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Brandt Brauer Frick

DJ-Kicks

(!K7; US: 18 Feb 2014; UK: 24 Feb 2014)

Compilations and DJ mixes are notoriously difficult to cover. When it comes down to writing the review, I can’t really discuss the music from a compositional point of view, since all of the featured artists deserve a special and separate write up. What I can talk about, however, is the curatorial aspect of the release, its flow, structure, and of course selection. The good news here is that Studio !K7 has been releasing its DJ-Kicks series for nearly two decades now, with the very first instalment kicking off with C.J. Bolland in 1995, so the imprint knows just how and who to pick. For their 48th entry, the Berlin-based independent label brings us Brandt Brauer Frick, a German techno project consisting of Daniel Brandt, Jan Brauer, and Paul Frick.


The trio has already recorded and released a few albums and EPs on Studio !K7 as well as the label’s offshoot, !K7 Records: 2010’s You Make Me Real, 2011’s Mr. Machine, and 2013’s Miami. The group has a particular aesthetic when it comes to producing their music. Their sound is very organic, consisting of much acoustic instrumentation, pushing the exploration of techno and tech-house just a bit beyond the typical nightclub atmosphere. For their DJ-Kicks mix, Brand Brauer Frick continues the trio’s pursuit of the human element, which is often lacking in electronic music and digitally assembled computer mixes, by recording their entire set live on vinyl during a daytime session at the Berlin club Watergate. This particular approach is immediately evident through a warmer-EQed sound of some recognizable pieces and a few less-than-surgically-perfect track transitions.


The 28-track eclectic journey begins with a minute-long excerpt from an ambient piece by Jan Jelinek, and immediately drops into a disco-house track by Inkswel off his Australaborialis EP. Two minutes in, and we’re into a deep house category, courtesy of Theo Parish’s 1998 classic “Electric Alleycat”. Backtracking even further, suddenly we’re in the late ‘70s, surrounded by William Onyeabor’s funky afrobeat, only to wake up with some jazzy house grooves, followed by UK garage off of Kindom’s 2011 release Dreama EP. The mix progresses somewhere around the housey territory from the likes of Alfabet, Fantastic Man, and of course Brandt Brauer Frick. Things break down a bit rhythmically half way through the mix at the end of a very groovy track by Galaxy 2 Galaxy titled “Transition”. As if embracing this fact, the vocals on a track proclaim: “There will be people who will say, you don’t mix this with that, and you would say, watch me.” And thus, taking that chance the trio dives into a deep bass track by Peverelist.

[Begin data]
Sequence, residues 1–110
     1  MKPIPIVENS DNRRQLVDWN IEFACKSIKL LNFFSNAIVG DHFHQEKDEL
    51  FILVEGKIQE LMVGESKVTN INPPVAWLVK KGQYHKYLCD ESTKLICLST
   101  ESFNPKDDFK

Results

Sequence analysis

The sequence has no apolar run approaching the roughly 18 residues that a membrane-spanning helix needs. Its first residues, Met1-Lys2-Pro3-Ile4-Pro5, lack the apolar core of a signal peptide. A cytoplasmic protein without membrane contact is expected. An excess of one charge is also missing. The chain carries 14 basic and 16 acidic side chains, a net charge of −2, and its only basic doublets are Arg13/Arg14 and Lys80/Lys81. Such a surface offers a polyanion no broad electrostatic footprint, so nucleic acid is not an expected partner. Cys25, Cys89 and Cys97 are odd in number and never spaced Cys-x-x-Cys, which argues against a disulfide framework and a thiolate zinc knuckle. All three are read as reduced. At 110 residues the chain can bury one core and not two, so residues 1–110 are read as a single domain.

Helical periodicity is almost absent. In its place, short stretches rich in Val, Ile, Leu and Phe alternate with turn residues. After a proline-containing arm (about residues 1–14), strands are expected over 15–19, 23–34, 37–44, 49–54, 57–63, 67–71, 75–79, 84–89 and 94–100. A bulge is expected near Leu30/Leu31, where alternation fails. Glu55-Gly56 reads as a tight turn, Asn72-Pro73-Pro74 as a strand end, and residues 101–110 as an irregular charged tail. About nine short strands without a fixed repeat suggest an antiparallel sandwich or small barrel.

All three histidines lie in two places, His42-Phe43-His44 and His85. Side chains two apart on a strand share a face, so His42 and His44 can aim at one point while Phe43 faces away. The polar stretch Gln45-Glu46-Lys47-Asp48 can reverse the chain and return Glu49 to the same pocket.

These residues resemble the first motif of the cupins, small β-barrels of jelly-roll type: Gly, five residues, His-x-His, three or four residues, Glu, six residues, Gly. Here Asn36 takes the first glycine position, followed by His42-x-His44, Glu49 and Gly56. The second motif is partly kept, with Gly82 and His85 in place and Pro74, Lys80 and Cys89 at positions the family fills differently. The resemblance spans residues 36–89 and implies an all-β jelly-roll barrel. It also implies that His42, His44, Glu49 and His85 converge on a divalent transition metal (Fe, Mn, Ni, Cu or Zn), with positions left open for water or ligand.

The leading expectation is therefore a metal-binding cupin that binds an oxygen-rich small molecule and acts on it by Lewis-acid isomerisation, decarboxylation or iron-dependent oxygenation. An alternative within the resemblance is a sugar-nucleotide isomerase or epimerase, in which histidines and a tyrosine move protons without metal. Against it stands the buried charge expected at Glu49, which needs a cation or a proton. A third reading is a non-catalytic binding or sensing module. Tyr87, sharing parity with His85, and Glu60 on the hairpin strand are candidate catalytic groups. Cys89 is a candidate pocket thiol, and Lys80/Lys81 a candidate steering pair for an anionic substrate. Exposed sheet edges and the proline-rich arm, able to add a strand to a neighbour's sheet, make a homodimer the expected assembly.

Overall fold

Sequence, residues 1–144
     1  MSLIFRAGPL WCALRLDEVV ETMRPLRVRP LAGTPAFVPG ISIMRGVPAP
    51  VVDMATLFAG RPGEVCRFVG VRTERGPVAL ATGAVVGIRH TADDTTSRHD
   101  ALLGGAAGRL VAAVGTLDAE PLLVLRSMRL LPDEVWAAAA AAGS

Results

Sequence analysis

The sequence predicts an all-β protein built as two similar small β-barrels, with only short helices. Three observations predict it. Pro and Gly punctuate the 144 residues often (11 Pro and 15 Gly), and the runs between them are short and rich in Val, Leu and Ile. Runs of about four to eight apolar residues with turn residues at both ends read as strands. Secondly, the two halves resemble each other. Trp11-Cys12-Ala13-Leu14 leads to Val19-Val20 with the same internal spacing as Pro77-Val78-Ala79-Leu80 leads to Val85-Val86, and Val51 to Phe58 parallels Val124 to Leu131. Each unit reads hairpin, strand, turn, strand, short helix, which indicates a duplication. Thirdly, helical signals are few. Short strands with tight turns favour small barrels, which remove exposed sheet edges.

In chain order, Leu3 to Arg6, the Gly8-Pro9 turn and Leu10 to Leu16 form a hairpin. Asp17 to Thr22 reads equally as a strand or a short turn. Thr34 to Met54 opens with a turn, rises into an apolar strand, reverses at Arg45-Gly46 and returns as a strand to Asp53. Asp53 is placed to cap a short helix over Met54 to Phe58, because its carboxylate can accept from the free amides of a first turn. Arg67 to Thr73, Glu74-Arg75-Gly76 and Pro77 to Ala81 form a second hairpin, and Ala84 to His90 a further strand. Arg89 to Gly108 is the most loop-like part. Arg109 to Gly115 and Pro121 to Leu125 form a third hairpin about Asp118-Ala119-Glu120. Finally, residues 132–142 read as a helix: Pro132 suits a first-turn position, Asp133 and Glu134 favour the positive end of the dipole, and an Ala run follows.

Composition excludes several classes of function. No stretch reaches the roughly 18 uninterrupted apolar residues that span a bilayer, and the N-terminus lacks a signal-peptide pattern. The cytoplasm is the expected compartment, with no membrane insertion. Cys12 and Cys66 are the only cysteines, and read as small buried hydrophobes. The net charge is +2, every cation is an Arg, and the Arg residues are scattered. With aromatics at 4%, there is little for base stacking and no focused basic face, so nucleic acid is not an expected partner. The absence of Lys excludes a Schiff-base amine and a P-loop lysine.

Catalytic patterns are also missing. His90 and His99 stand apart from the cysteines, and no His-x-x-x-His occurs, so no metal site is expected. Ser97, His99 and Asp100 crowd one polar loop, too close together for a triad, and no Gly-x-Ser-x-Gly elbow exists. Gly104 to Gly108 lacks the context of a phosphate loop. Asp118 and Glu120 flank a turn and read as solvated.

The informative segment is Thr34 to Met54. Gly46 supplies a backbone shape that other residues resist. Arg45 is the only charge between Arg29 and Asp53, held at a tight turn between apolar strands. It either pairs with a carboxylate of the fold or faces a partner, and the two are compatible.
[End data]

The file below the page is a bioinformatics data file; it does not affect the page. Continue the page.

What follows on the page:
I’ll spare you from more spoilers of all the twists and turns, and stop the further deconstruction of this multiform trip at the half-way mark of the mix. Rest assured, the remaining voyage is just as diverse and exciting (there’s even a surprise appearance by Machinedrum). It’s also important to mention that this mix includes three new tracks by Brandt Brauer Frick, as well as previously unreleased pieces by Dollkraut, Le K, James Braun & Troels, Glenn Astro, and Cosmin TRG. Because of these exclusive contributions, Studio !K7 also released a double vinyl featuring ten more tracks. While shopping at the label’s store, I highly recommend you pick up other DJ-Kicks installments, including the ones by Apparat, Thievery Corporation, James Holden, Motor City Drum Ensemble and Nightmares On Wax.

Rating:

Remaining anonymous is important to the founder of Headphone Commute, one of the most influential independent magazines covering electronic, experimental and instrumental music. This anonymity affords the mysterious 'HC' the luxury of staying true to the writer's opinion and acts as a safeguard to prevent the ego getting in the way of the one thing that counts: music. After 6 years, 500 reviews and over 200 interviews, HC decided to expand and contribute to PopMatters. HC is currently an official media partner for Songkick Detour, Decibel Festival and Mixcloud. You can follow more musings and finds on Facebook or Twitter @H_C


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This imaginative German trio continue to hone their enlightening acoustic take on minimal techno on their vibrant second full-length.
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